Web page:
The deciduous cypress was one of the first American trees introduced into, England; it is described by John Parkinson in his Herbal of 1640.
Parkinson tells us that in his time (early in the 17th century) the naked oat was sown in sundry places, but "nothing so frequent" as the common sort.
Parkinson, Im Bismarck Archipel (Leipzig, 1887); C. Kinloch Cooke, Australian Defences and New Guinea (London, 1887); J.
Parkinson, in his Paradisus (1629), described five varieties of martagon, six of umbellate kinds - two white ones, and L.
The larch, though mentioned by Parkinson in 1629 as "nursed up" by a few "lovers of variety " as a rare exotic, does not seem to have been much grown in England till early in the 18th century.
Gerarde, in his Herbal (1597), advocates the use of foxglove for a variety of complaints; and John Parkinson, in the Theatrum Botanicum, or Theater of Plants (1640), and later W.
Gerard, who succeeded Turner, and after him Parkinson, calls it gilloflower, and thus it travelled from its original orthography until it was called July-flower by those who knew not whence it was derived."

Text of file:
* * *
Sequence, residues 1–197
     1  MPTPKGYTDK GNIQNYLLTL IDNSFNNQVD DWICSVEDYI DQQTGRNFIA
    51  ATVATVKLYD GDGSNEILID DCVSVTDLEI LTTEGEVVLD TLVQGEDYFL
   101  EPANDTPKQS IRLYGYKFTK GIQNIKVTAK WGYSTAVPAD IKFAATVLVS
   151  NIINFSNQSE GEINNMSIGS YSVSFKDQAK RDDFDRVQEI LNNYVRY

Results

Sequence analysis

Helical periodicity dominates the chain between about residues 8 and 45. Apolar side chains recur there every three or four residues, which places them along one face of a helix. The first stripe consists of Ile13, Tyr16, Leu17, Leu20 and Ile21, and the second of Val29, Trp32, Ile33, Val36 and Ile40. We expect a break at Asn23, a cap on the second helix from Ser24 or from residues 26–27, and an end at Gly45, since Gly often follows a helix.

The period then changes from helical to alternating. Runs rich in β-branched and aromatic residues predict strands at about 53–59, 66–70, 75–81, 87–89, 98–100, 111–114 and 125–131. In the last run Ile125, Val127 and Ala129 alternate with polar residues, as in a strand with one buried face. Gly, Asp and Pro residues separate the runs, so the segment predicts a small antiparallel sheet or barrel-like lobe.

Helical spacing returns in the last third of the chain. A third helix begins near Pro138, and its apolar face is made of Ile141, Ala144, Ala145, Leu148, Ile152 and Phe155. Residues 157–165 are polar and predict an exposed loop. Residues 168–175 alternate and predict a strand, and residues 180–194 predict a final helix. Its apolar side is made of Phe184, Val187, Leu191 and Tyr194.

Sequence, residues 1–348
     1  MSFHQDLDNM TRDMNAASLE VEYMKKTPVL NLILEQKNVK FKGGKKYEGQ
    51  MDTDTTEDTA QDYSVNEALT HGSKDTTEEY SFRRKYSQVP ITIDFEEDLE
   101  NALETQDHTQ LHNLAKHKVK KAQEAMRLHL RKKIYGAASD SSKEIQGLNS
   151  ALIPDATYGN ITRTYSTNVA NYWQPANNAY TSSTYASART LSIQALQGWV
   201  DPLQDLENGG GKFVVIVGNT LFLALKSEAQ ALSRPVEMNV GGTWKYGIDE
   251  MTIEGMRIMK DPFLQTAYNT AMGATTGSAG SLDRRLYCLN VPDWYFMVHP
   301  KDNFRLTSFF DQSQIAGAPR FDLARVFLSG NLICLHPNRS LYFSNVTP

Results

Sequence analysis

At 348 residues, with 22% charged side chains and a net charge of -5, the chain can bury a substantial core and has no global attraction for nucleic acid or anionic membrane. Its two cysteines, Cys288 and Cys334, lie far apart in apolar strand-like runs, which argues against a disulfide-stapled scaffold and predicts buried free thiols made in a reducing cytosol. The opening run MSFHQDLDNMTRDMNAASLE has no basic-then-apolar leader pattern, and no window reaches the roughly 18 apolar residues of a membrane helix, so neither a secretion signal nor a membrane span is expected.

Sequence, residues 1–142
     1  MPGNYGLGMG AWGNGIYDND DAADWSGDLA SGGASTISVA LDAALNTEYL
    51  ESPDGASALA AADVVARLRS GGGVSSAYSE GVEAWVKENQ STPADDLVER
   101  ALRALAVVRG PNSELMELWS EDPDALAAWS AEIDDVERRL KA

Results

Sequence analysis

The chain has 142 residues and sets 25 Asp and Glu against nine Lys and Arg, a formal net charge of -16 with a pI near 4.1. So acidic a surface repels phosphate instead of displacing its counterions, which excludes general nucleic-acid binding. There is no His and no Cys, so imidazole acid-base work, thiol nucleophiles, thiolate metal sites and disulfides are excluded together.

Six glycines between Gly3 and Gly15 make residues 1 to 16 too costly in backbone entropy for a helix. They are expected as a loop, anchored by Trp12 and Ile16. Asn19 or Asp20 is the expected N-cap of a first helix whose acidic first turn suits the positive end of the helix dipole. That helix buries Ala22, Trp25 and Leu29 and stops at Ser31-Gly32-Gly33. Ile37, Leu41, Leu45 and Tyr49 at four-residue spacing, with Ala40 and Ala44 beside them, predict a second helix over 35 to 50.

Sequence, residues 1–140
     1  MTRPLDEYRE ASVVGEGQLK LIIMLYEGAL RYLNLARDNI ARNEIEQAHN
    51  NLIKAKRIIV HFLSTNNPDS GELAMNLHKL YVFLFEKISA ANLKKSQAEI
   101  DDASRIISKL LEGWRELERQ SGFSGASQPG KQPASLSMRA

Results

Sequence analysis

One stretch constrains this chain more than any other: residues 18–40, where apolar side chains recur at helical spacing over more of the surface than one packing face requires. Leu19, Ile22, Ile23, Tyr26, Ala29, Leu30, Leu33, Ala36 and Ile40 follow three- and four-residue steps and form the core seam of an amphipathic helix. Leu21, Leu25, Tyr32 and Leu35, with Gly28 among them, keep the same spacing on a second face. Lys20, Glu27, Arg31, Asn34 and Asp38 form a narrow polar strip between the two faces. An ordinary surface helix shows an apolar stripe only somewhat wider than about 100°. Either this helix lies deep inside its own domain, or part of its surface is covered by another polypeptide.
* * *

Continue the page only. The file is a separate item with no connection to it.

Previous to this (in 1629) Parkinson, the friend and associate of Johnson, had published his Paradisus, in which (p. 517) he gives an indifferent figure of the potato under the name of Papas seu Battatas Virginianorum, and adds details as to the method of cooking the tubers which seem to indicate that they were still luxuries.
Parkinson, Album von Papua Typen (Dresden, 1894); F.
The senior wrangler in his year was Stephen Parkinson, a man of a very different type of mind, yet one who was a prominent figure in Cambridge for many years.